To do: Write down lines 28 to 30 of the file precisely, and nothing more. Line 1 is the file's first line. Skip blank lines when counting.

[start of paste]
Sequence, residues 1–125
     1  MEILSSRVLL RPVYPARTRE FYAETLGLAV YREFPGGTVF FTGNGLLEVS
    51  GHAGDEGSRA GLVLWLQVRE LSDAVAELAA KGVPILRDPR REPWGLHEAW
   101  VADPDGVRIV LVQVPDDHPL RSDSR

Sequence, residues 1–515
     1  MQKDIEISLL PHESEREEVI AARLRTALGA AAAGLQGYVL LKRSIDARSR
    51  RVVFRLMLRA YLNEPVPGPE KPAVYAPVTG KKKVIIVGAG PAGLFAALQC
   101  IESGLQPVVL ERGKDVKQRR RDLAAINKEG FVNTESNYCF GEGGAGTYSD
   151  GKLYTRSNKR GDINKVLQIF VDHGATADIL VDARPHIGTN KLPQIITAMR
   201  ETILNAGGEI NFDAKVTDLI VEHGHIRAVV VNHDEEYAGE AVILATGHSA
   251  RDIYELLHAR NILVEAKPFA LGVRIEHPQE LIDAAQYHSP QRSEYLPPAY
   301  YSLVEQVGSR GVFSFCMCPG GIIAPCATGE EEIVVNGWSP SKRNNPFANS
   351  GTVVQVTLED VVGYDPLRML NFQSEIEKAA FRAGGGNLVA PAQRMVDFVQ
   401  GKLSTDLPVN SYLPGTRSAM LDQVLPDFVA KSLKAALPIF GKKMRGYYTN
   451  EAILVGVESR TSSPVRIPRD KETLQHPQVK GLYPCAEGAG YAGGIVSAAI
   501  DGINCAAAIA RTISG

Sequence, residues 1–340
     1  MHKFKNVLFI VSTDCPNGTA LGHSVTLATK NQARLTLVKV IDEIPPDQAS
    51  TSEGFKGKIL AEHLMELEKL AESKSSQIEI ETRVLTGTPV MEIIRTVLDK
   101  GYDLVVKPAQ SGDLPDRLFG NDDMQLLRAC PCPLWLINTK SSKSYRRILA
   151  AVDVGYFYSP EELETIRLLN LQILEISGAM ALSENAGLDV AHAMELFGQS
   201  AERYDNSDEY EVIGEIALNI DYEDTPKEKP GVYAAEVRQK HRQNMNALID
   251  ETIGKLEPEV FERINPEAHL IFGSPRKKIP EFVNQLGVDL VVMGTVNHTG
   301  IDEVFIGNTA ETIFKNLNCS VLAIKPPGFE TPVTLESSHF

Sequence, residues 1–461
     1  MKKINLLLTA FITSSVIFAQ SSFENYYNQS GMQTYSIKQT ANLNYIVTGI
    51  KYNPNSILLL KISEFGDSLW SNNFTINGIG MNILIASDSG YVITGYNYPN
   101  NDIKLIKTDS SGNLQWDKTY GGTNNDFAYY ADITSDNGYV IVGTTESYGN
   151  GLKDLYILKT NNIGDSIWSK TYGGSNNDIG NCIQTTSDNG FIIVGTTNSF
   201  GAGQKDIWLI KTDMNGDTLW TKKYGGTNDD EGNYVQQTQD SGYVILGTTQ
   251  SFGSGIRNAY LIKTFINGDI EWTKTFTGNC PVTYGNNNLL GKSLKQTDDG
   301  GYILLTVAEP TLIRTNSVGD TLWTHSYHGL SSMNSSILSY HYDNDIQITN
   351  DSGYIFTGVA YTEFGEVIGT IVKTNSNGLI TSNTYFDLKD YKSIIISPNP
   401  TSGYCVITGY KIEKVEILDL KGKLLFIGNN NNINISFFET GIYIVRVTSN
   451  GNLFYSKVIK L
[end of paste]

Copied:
   101  NDIKLIKTDS SGNLQWDKTY GGTNNDFAYY ADITSDNGYV IVGTTESYGN
   151  GLKDLYILKT NNIGDSIWSK TYGGSNNDIG NCIQTTSDNG FIIVGTTNSF
   201  GAGQKDIWLI KTDMNGDTLW TKKYGGTNDD EGNYVQQTQD SGYVILGTTQ